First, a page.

I could play devils advocate I guess—Alex Olson was saying that as cheesy as it is, it could sort of be like Police Academy IV or Back to the Future where some kid might see it, get interested and then dig deeper. Like it could be a gateway?
Sure. Totally. It’s like viewing Animal Chin or something and going like, “Oh, this is skateboarding.” And it was, it is or whatever, but there was just way more going on than just “searching for fun” (Laughs.). But if it gets you there, cool. I guess whatever gets you there is okay.

What about the prize money? A hundred grand is a lot of money, no?
Is it? Compared to what? I don’t know. It’s not the direction that I really care to see skateboarding go in. But you know, I’m an old bitter dude, who likes the grassrootsy trying to build it up thing. But whatever, you can come up with some sort of format and sell it to a company like ESPN, or CBS, or NBC, or Fox or whoever the fuck. The Ted Turner Network. Get Oprah to back it. You’re selling the youth market. Fine and dandy. There’s room for everybody to line their pockets I guess.

It’s a wonderful opportunity for the guys that get invited to it I guess. Like, “Oh, we’re gonna pick our guys and these will be the guys that we back.”

It’s a bit exclusive?
Yeah. And then you have people that skate in that contest who aren’t even trying, they’re just there to get the small check because it keeps them going on and on. I can’t blame them, I’d probably do the same thing like, “I’m not gonna win this thing. I’ll fly in late Friday night, I’ll take my runs Saturday morning, collect my check and I’ll be done with it.”

Broad strokes, what impact would you say Street League has on skateboarding and the skateboard industry? To you, is it a positive impact or a negative one?
Probably neither. I’d say it’s kind of a moot point. It just doesn’t matter. It’s not really representative of the industry at all.

Does it really carry any weight? I guess if you’re trying to keep a set of Nike’s on your feet, or you’re trying to keep Monster Energy drink happy. For the individual skateboarder competing in the thing—yeah, it probably means everything. It’s what bankrolls him to stay a pro skateboarder and pay his fucking mortgage and live out in the bus with the rest of his buddies when he’s not doing Street League. Does it have any kind of bearing on anything? Not really.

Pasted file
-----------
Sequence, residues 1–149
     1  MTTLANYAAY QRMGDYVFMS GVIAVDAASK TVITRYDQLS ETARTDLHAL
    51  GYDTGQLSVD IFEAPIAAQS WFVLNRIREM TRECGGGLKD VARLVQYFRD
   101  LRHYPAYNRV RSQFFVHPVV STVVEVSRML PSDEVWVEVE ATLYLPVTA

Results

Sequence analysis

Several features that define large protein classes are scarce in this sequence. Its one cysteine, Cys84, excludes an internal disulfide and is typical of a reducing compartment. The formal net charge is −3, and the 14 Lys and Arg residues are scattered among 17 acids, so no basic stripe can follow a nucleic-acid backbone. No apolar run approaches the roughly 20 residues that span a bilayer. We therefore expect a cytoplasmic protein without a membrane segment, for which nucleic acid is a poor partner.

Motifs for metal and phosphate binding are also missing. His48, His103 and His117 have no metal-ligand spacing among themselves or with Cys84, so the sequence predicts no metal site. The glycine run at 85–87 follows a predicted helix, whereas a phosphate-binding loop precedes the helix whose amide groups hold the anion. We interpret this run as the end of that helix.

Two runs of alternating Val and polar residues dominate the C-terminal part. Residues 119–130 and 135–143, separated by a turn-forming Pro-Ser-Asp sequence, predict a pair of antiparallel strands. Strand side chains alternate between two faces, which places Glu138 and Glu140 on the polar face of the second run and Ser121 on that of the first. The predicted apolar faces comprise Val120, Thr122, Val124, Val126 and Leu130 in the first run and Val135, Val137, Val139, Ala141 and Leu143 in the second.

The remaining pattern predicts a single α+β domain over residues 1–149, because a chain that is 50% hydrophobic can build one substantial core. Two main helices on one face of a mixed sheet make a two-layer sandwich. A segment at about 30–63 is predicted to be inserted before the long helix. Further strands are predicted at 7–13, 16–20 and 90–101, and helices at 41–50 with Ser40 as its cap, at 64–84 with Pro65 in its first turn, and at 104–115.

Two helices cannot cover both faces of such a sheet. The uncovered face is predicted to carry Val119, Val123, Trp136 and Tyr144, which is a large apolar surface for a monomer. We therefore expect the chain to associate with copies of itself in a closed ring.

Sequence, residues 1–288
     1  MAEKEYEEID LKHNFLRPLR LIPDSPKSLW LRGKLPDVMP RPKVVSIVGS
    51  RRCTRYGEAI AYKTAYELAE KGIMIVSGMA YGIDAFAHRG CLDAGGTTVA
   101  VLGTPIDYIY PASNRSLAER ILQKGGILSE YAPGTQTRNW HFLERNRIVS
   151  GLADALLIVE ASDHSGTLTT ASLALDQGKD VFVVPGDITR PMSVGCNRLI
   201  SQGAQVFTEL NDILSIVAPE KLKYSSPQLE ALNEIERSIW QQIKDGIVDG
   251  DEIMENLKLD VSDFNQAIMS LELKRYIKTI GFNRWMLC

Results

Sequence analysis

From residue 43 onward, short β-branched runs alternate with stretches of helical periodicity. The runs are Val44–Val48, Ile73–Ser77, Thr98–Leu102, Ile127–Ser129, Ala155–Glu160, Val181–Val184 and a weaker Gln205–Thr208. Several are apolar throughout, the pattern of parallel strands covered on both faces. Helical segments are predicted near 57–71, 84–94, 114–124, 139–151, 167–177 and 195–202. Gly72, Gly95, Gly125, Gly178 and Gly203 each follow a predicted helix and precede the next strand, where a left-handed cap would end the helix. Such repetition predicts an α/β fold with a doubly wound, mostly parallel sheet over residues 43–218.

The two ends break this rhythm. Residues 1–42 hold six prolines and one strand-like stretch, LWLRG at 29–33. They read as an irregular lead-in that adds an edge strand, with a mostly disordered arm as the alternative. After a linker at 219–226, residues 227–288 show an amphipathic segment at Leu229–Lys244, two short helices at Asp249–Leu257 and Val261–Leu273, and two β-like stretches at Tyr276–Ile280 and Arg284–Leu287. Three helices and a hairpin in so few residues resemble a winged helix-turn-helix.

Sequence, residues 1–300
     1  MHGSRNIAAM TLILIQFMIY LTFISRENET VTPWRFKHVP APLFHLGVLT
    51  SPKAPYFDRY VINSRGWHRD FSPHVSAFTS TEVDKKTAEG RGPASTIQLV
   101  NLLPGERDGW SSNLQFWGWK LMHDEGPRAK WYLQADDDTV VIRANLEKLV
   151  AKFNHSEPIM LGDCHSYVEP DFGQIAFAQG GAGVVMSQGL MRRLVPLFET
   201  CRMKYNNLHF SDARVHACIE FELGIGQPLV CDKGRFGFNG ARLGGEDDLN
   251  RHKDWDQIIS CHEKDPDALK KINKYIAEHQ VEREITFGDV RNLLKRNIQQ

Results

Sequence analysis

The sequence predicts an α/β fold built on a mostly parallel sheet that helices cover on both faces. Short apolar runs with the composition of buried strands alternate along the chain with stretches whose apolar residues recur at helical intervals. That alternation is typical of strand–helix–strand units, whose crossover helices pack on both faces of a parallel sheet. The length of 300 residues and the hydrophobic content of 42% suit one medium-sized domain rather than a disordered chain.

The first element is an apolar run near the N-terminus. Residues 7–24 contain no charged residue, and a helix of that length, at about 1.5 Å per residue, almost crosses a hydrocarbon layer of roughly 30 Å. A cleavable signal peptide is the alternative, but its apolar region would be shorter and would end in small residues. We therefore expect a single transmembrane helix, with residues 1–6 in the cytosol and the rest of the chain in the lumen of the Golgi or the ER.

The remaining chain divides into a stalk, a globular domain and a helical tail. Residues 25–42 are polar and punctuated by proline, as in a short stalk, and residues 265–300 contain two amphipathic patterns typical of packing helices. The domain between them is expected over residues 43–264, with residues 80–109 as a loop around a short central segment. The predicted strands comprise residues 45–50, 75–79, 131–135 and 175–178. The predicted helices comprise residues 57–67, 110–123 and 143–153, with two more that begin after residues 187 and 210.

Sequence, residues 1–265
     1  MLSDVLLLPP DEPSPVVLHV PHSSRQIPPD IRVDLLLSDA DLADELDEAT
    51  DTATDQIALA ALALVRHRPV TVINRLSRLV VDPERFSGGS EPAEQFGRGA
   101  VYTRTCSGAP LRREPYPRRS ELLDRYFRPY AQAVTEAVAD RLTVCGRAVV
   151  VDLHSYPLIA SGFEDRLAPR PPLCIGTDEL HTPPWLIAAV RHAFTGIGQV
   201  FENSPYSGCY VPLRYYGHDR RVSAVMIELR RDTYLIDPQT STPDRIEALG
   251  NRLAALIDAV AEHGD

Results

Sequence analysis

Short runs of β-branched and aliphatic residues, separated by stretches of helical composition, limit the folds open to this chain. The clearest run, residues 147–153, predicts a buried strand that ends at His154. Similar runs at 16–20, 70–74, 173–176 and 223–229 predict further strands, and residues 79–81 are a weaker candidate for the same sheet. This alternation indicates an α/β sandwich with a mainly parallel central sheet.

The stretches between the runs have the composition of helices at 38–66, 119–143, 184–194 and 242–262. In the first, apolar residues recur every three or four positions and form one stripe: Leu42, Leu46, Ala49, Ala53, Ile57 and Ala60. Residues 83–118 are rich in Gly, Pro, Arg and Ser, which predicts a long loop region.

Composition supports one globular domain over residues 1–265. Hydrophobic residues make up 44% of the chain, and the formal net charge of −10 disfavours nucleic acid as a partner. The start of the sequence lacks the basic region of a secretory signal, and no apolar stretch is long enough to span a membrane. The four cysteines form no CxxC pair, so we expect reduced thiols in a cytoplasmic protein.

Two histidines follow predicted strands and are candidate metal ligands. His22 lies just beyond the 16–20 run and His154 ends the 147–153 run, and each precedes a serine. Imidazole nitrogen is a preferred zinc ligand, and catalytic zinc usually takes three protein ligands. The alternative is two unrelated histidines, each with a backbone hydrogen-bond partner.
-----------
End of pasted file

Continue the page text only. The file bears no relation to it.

Alex (Olson) does have a point. For a seven or eight-year-old watching cartoons on a Sunday morning it’s brilliant. You see that, you see P-Rod and you go, “Yeah, I want to be P-Rod”. That’s great and then maybe that kid gets into it and falls in love with it and has the same experiences like all of the rest of us did. Whatever gets you there.

I look at it from the perspective of, is it exciting and fun to watch? And yeah, there’s a little bit of a ramp up, and then someone does something completely wild.

The fact that we’re even paying it any lip service means that it’s winning. Whether I say it sucks or I say it rules, Dyrdek just bought another fucking ridiculous car. And can collect twenty more stupid hats that he can wear sideways on his head, and not skateboard. How much riding are you really doing dude? There are skateboarders and there are people who skateboard. Street League to me seems more indicative of people who skateboard making money off of skateboarding rather than skateboarders doing it for themselves. I guess that’s my takeaway from the whole thing. Is it neat and fun and all of that stuff. I guess on one level it is. But on another level—you might as well just put up a Wal-Mart banner and say, “Join the Army”.

Jeff nosepick in TWS, circa 1990. Photo: O.

I think they already did all that.
Yeah (Laughs.) Just consume more people. You don’t need to care what you consume, just consume more. Oh, we’re selling toxic energy drinks to fucking ten-year-olds. Are we part of the problem or are we part of the solution. It gets you into a philosophical debate that no one really wants to have because we’re all complicit. We’re all fucking guilty. And that makes us sad and not like ourselves (Laughs.) But is anybody going to change. Is anybody going to stand up and fight the power? I doubt it. Because this was all bought and sold years and years ago.

This all goes back to the Big 5 and the Rocco wars. We all bought into Rocco’s lie, like, “Dude, I’m one of you. Be with me because those guys aren’t skateboarders.” The biggest, the best, and the brightest all bought into the lie and they all got their asses handed to them. And where’s Rocco now. He’s on a golf course somewhere laughing his ass off with a huge bank account. Shame on us for wanting to believe in the great Messiah. It was a lie then and it’s a lie now.